News Release

Imaging platform captures hard-to-track bacterial lung infections in real time

Peer-Reviewed Publication

American Association for the Advancement of Science (AAAS)

Imaging Platform Captures Hard-to-Track Bacterial Lung Infections in Real Time (1 of 2)

video: The authors used optical endomicroscopy (OEM) to image Gram-negative bacteria expressing a green fluorescent molecule in the lungs of sheep. This material relates to a paper that appeared in the Oct. 24, 2018, issue of <i>Science Translational Medicine</i>, published by AAAS. The paper, by A.R. Akram at University of Edinburgh in Edinburgh, UK; and colleagues was titled, "In situ identification of Gram-negative bacteria in human lungs using a topical fluorescent peptide targeting lipid A." view more 

Credit: A.R. Akram <i>et al., Science Translational Medicine</i> (2018)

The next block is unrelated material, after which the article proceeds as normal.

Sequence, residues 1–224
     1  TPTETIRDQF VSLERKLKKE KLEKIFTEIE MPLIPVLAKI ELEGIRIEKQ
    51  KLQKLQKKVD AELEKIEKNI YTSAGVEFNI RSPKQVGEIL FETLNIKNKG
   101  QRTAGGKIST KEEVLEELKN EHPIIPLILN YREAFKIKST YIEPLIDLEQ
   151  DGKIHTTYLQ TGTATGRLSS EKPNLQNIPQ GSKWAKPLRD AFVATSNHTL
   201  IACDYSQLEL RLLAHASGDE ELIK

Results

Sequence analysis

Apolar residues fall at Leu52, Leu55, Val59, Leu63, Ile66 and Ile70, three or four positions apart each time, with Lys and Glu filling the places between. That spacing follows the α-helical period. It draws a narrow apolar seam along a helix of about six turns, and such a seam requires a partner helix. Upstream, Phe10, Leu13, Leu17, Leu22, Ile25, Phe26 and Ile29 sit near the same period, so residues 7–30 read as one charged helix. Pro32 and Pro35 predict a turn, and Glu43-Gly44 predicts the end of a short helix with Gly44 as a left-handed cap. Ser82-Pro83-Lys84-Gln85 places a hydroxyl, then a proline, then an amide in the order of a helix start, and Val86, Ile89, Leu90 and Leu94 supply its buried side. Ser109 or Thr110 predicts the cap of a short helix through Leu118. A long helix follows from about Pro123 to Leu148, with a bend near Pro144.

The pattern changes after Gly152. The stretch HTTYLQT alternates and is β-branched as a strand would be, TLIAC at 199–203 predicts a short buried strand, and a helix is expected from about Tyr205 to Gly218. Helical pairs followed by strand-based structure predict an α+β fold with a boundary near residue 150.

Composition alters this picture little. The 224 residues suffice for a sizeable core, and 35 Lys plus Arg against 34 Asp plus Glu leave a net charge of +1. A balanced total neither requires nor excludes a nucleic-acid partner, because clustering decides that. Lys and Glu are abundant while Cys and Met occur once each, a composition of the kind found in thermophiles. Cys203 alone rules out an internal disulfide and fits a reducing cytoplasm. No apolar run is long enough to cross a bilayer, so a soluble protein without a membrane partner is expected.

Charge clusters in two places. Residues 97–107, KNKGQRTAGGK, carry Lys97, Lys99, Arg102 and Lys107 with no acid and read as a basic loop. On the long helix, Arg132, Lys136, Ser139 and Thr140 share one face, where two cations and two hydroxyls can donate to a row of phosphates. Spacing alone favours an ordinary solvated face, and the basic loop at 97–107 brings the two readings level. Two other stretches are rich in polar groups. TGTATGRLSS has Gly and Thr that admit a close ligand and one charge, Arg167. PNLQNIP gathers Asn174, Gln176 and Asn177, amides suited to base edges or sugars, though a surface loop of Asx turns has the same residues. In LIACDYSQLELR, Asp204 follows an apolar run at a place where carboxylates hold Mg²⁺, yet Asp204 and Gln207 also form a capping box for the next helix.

Ahsan Akram and colleagues have created a fluorescent imaging probe that can quickly and accurately detect hard-to-trace Gram-negative bacteria (one of the major bacterial groups) in human lungs within minutes. Their first-in-human study, where they successfully used the imaging tool to safely detect infections in hospital patients undergoing ventilation, could streamline the diagnosis of bacterial lung infections and more accurately assess if antibiotics are needed. Patients in intensive care units (ICUs) who are placed on ventilators can be especially vulnerable to hospital-acquired gram-negative bacterial respiratory infections like pneumonia, underscoring an urgent need for faster diagnosis and better patient outcomes. However, existing approaches such as lung biopsies are risky procedures in ventilated patients, and sequencing techniques are overly sensitive. To overcome these limitations, Akram et al. developed an imaging probe that can rapidly visualize Gram-negative bacteria in human lungs in real-time. The probe consists of a fluorescent molecule attached to a molecule called polymyxin, which has antimicrobial properties and can bind to the outer membrane of Gram-negative bacteria. The scientists first tested it in the lungs of ventilated sheep infected with various Gram-negative bacteria, then they administered the molecule to six patients with bronchiectasis, a chronic pulmonary disease. Imaging videos demonstrate the method could track Gram-negative bacteria in the patients, a finding that was repeated when the probe was administered to seven ventilated ICU patients. Importantly, the platform was non-toxic and caused no major adverse effects, but the authors caution that future research should investigate the risks associated with the technology's repeated use.


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